And for me this is the most interesting question of all:  what’s with the attitude in his expression that seems counter-productive unless his goal is other than simply calming a conflict?  Maybe Paul understands the positive nature of conflict and the energy that can flow from it.  Maybe he just wants his hearers to be focused on the right conflict for the right reasons.

So there’s no, “Be a Christian, if you please,” or “I’m calm and confident because I follow Jesus (or whatever anti-perspirant-commercial language you want to use),” or any 70’s Godspell-version of Jesus being offered.  He wants no lukewarm, nice, kindly followers in this enterprise of proclaiming Jesus crucified on a cross and risen.  He wants to maintain the energy while turning it to constructive rather than destructive purposes.  The community’s goal is how to be effective, not just to be calm.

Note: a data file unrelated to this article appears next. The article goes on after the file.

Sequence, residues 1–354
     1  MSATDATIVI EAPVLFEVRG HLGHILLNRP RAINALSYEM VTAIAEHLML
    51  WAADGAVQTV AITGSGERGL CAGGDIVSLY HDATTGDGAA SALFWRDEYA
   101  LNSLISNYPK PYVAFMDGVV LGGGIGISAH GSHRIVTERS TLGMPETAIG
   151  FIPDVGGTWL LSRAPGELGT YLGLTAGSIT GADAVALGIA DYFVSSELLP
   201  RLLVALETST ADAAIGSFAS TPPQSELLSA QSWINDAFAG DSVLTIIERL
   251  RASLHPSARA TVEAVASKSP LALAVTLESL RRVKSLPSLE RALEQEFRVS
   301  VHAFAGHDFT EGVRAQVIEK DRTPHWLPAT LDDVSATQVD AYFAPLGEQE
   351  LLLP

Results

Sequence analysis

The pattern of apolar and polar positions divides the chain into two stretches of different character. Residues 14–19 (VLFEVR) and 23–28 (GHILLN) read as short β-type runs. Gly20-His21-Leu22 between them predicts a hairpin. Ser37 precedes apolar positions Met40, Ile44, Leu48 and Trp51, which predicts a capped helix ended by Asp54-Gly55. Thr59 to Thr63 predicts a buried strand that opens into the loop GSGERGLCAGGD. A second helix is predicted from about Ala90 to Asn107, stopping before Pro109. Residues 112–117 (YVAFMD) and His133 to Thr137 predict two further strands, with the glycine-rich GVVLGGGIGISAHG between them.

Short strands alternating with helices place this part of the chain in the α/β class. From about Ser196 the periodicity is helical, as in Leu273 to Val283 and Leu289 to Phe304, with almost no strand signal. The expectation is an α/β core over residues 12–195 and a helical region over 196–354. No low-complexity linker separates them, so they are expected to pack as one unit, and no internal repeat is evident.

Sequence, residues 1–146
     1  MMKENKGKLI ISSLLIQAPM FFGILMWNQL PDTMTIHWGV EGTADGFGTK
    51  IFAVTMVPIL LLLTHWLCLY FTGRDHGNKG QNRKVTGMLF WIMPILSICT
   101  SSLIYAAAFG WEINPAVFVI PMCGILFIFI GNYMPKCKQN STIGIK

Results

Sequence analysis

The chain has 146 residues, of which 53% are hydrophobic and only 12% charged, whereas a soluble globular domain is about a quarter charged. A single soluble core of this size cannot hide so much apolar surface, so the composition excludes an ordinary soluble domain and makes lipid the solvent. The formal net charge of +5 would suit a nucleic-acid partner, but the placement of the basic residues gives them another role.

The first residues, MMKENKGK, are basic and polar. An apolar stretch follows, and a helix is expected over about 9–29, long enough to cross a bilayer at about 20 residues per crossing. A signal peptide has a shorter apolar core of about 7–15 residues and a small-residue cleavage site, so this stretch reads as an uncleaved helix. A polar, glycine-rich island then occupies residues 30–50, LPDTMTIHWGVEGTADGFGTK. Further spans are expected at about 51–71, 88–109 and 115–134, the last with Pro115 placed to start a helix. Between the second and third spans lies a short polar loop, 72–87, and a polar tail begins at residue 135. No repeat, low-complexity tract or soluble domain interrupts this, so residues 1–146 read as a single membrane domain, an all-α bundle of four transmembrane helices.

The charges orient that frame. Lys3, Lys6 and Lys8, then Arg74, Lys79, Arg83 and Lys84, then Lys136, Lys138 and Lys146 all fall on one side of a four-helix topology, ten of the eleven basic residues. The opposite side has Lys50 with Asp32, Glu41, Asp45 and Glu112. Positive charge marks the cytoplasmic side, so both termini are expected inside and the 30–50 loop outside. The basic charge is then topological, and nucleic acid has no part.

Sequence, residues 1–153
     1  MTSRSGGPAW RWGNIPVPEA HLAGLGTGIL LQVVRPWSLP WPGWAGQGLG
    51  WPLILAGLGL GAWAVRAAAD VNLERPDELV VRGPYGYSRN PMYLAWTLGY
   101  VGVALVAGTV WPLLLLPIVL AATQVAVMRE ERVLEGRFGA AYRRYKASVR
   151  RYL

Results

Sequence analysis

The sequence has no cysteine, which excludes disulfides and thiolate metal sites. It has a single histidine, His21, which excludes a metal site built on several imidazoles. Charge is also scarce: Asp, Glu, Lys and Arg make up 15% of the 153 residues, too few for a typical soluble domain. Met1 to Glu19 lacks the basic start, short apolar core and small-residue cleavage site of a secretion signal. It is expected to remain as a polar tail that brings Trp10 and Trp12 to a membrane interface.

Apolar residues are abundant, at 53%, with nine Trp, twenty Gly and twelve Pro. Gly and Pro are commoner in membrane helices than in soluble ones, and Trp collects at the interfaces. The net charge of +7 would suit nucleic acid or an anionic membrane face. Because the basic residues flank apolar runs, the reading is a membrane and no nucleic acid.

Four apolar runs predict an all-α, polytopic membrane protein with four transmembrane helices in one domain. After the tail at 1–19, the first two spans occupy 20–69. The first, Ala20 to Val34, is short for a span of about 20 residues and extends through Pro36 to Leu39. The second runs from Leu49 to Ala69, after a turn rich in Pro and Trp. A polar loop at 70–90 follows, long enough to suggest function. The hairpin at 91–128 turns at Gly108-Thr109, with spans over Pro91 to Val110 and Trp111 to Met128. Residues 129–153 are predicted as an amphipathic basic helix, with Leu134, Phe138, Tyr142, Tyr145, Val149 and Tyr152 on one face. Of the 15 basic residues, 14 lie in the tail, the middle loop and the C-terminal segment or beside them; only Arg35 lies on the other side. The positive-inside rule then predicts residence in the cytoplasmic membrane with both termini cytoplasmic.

It’s not an easy message to embody, much less preach.  But it’s perhaps a very timely message in light of politicians that have embattled each other in ways counter-productive to any focus on a larger goal.  And the church so easily takes in this style of engagement modeled in the culture around us.  But is the goal to be just a little kinder and gentler, more civil?  For Paul the absence of open animosity, a veneer of kindness, the appearance of civility is not yet giving your heart or opening yourself to each other.  We have the advantage of knowing where this letter is leading.  Paul’s hope is higher.  Perhaps God’s hope for us, in Christ, is higher too.

Anna Carter Florence on Matthew 4:12-23
2011-01-18 by David Howell

Anna Carter Florence wrote this article for us three years ago. In fact, she wrote an article on the gospel lesson for each Sunday of Year A. Those articles can be found in Quick Access each week or in More Essays/Sermons.